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Of Fruit Flies and Renoirs

Genetics cover

In this Genetics cover story image, CRISPR/Cas9-based transcriptional activation in vivo in the Drosophila wing disc.

Evolutionary developmental biologist Ben Ewen-Campen '06 is the co-author of a recent Genetics cover story on a gene-editing technique demonstrated on living fruit fly cells, a first. Ewen-Campen also provided the cover image (left).

Gene transcription is the process by which genetic information is copied from DNA to RNA, resulting in a specific protein formation. CRISPR/Cas9 is a gene-editing technique that can target and modify DNA with great accuracy and can be used in seemingly any type of cell, including those of fruit flies.

In "In Vivo Transcriptional Activation Using CRISPR/Cas9 in Drosophila," Ewen-Campen and his colleagues demonstrate "the ease and effectiveness of the dCas9-VPR system for activating target genes both in Drosophila cells and in vivo." They also provide the first demonstration of Cas9-based activation in vivo, demonstrating that "this strategy holds great potential for overexpression studies." View the full study.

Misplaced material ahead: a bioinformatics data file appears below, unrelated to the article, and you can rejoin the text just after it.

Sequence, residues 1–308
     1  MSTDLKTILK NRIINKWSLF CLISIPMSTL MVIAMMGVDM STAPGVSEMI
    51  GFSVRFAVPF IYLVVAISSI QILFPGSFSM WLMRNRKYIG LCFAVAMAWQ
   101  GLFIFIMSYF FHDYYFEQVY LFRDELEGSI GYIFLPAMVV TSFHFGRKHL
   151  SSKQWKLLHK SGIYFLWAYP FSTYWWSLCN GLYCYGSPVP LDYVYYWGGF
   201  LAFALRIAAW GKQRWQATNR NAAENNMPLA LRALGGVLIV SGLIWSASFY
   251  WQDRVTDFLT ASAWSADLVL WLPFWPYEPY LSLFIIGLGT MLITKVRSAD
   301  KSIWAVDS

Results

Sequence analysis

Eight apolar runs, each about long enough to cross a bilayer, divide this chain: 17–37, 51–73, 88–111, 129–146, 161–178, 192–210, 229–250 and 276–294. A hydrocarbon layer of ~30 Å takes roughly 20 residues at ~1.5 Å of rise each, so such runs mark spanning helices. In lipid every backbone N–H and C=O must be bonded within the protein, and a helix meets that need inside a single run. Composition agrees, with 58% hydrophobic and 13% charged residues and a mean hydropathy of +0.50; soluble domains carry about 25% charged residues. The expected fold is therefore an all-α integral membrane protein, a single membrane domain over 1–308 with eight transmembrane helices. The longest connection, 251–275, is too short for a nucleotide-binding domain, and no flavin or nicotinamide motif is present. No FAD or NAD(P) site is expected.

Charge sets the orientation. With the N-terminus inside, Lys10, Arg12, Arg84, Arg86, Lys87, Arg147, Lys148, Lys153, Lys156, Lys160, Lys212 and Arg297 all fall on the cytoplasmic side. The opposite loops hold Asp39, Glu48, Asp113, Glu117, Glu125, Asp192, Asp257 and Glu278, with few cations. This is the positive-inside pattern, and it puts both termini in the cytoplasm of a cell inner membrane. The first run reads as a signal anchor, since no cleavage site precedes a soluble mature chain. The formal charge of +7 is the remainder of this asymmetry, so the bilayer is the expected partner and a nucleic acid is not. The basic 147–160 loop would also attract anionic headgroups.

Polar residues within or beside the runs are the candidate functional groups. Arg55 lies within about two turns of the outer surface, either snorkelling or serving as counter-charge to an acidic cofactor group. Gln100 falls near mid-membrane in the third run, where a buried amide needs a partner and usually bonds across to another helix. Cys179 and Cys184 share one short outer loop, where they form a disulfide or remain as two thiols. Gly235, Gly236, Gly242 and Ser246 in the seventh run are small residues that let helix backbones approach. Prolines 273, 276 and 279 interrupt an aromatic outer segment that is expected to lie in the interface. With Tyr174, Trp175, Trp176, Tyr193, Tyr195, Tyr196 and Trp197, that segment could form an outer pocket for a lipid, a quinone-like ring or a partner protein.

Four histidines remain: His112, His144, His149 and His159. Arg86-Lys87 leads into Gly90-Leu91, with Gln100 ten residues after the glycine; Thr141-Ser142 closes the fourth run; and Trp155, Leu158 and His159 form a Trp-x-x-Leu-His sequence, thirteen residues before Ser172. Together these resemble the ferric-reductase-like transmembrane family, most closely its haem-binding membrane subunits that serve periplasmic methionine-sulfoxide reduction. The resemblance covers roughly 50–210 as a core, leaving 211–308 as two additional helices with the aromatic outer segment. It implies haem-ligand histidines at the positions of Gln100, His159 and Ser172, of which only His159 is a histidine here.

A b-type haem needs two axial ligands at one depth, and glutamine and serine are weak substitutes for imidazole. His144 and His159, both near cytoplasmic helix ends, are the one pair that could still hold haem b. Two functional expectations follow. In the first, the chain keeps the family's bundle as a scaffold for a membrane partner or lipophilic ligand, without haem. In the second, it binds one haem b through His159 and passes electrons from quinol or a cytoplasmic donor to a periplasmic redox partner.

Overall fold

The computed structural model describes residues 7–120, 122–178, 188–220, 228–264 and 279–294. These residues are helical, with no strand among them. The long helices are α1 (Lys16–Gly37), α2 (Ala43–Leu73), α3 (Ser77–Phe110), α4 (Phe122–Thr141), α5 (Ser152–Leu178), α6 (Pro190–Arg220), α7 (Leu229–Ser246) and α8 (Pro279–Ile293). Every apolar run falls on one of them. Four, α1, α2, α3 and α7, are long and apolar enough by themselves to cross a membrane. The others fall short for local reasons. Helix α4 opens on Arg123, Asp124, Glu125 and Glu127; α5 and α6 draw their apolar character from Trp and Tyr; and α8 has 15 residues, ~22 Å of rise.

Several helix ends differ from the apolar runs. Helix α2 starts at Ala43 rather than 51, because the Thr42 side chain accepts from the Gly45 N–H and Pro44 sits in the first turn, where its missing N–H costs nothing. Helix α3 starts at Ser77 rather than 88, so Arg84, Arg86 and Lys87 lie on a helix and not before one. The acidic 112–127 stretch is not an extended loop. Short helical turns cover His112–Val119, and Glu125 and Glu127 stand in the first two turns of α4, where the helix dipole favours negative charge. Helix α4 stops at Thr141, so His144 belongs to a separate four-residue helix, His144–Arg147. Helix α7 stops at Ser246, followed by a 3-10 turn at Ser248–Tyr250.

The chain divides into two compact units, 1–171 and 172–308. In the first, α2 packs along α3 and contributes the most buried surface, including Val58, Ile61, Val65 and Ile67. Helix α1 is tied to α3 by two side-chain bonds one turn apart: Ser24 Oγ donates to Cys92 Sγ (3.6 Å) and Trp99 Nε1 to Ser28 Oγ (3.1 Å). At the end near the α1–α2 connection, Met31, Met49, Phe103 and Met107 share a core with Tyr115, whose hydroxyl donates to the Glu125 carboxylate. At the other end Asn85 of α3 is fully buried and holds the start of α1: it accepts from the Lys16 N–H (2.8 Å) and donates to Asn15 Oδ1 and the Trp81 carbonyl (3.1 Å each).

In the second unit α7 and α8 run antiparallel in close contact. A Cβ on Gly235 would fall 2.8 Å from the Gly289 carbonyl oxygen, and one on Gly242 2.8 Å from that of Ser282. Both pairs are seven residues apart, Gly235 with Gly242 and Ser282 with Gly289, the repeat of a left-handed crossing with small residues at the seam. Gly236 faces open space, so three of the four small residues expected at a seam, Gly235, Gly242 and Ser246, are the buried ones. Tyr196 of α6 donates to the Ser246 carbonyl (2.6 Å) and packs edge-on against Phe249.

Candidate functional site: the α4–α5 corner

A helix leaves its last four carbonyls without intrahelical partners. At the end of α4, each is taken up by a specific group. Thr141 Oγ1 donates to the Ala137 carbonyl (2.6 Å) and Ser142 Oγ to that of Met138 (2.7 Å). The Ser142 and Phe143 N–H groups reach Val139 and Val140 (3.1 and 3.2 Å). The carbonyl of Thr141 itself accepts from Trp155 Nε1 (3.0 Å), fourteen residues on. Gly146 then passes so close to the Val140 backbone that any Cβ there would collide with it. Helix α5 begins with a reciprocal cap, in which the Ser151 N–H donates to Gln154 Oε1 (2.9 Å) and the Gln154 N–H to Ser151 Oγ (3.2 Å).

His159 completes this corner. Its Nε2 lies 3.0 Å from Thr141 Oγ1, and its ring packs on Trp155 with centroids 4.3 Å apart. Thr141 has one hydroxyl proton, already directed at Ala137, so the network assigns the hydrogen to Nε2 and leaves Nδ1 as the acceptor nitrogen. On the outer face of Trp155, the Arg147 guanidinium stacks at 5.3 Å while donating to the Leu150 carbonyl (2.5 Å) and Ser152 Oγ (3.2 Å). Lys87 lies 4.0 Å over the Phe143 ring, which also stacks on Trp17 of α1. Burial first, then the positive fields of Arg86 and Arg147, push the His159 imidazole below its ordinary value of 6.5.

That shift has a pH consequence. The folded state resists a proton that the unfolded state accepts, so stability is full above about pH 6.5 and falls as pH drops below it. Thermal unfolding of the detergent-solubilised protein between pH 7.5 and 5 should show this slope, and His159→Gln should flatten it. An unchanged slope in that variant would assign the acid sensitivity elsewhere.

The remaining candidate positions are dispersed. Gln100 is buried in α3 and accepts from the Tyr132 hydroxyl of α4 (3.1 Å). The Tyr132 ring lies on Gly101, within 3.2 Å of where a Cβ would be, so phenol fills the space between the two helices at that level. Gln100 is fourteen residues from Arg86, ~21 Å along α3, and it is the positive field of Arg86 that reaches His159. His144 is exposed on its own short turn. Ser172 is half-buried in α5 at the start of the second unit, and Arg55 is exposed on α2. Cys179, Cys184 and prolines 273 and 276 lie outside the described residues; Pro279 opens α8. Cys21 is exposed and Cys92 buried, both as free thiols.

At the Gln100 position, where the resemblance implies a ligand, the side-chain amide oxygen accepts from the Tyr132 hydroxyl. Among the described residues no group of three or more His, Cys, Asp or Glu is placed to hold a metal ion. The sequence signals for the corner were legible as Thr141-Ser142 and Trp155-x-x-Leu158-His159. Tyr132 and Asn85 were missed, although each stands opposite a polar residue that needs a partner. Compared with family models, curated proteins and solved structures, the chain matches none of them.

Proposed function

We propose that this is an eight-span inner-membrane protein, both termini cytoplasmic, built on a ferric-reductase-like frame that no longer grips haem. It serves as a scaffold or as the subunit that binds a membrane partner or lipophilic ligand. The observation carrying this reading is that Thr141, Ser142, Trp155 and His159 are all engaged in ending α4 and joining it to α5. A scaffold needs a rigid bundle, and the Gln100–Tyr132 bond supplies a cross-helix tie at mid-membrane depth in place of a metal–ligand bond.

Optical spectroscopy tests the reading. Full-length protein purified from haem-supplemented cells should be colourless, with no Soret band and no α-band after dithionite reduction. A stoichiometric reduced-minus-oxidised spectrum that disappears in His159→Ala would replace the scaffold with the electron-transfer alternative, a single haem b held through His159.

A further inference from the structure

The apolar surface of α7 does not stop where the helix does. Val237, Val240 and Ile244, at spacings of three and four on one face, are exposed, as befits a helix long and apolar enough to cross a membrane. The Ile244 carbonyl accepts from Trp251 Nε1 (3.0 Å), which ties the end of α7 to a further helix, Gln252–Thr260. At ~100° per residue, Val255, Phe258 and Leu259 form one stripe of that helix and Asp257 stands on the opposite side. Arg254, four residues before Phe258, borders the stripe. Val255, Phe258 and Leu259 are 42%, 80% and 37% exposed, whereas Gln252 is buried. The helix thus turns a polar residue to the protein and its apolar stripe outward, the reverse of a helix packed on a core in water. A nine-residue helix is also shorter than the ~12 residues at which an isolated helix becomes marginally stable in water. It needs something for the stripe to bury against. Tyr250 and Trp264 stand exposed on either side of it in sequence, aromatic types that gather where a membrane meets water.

Ewen-Campen also recently appeared, with some fellow Swat biology alums, in the Boston Globe for participating in a protest outside of Boston's Museum of Fine Arts. The playful protesters demanded that the museum remove their Renoirs and replace them with better paintings. Ewen-Campen says it is nothing personal. Read the full article.

Ewen-Campen graduated with honors from Swarthmore with a major in biology and a minor in English literature. He completed a Ph.D. in evolutionary development biology at Harvard, where he currently works in the Department of Genetics' Perrimon Lab.

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